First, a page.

## What is Moving Average Formula

Here are the formulas for the three most common types of moving averages:

### Simple Moving Average (SMA):

SMA = (Sum of Data Points in Moving Period) / (Number of Data Points in Moving Period)

For example, to calculate a 5-day SMA of stock prices, you would add up the closing prices for the past 5 days and divide the total by 5.

### Weighted Moving Average (WMA):

WMA = [(P1 x w1) + (P2 x w2) + ... + (Pn x wn)] / (w1 + w2 + ... + wn)

Where:

P1, P2, ..., Pn are the data points

w1, w2, ..., wn are the corresponding weights for each data point

For example, to calculate a 5-day WMA with weights of 1, 2, 3, 4, and 5, you would multiply each data point by its weight, add up the results, and divide the total by the sum of the weights (1+2+3+4+5=15).

### Exponential Moving Average (EMA):

EMA today = (Price today x Smoothing factor) + (EMA yesterday x (1 - Smoothing factor))

Where:

Price today is the most recent price

EMA yesterday is the EMA value from the previous day

Smoothing factor is a value between 0 and 1 that determines the rate at which the weights decrease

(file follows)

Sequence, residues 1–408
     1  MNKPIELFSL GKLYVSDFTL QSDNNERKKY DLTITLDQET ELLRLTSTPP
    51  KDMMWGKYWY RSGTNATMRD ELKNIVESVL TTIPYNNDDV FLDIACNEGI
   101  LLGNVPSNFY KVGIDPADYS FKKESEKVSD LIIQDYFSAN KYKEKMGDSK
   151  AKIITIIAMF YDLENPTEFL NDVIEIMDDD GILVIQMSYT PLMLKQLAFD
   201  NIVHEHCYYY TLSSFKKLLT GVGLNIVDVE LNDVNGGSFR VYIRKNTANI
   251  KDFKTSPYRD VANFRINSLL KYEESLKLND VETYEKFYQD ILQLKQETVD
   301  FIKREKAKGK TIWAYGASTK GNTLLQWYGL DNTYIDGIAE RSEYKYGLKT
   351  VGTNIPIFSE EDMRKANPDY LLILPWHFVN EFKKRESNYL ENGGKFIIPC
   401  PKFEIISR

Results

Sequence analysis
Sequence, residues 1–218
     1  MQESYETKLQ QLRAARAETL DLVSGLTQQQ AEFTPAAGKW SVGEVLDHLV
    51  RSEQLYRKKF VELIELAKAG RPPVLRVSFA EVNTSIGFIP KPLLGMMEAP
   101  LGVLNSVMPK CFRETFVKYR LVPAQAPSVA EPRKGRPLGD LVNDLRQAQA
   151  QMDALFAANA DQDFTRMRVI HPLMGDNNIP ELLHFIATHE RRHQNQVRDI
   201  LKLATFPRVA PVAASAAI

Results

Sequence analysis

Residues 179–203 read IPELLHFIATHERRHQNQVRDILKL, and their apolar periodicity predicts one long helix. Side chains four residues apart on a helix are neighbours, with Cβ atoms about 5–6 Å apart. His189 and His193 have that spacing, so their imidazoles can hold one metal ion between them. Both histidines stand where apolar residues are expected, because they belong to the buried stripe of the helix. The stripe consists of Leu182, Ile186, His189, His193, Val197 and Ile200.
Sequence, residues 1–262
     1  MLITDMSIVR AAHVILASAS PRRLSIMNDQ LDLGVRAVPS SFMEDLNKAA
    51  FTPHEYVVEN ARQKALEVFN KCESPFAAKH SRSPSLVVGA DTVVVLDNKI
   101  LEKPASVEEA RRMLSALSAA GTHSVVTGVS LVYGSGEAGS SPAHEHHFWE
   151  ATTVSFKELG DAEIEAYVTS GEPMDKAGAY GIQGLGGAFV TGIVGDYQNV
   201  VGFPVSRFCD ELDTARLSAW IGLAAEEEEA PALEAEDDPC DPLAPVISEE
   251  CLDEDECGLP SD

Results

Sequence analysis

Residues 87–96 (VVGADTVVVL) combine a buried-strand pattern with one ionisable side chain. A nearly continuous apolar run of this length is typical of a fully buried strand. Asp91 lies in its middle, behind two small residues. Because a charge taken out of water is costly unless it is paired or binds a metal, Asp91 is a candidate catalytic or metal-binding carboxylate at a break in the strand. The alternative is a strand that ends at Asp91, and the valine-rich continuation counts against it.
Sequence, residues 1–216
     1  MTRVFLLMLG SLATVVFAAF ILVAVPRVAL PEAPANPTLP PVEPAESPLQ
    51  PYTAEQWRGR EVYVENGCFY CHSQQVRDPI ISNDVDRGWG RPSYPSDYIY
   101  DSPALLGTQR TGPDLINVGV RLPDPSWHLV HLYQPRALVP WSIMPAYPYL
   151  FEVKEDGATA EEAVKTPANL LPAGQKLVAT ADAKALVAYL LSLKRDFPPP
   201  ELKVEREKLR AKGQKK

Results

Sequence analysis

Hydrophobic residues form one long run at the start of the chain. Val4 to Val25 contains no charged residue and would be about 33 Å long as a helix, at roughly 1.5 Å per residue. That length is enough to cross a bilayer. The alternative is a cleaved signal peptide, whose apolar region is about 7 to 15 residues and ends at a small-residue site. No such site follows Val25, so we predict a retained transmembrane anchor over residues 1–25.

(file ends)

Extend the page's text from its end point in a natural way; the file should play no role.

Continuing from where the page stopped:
For example, to calculate a 5-day EMA with a smoothing factor of 0.33, you would use the most recent price as the starting point and then use the formula above to calculate the EMA for each subsequent day.

## What is Moving Average

__Moving average__ is a statistical technique used to analyze time-series data. It helps to smooth out fluctuations in the data and identify trends by calculating the average of a specific number of data points within a given time period.

For example, if we have daily closing stock prices for the past 5 days, we can calculate a 5-day moving average by adding the closing prices for each day and then dividing the total by 5. This gives us an average price over the past 5 days, which can help to identify trends and reduce the impact of short-term fluctuations in the stock price.

There are different types of __moving averages__, such as simple moving average, weighted moving average, and exponential moving average. Each type has its own strengths and weaknesses, and the choice of which one to use depends on the specific context and goals of the analysis.

Overall, moving average is a useful tool for analyzing time-series data and gaining insights into trends and patterns over time.

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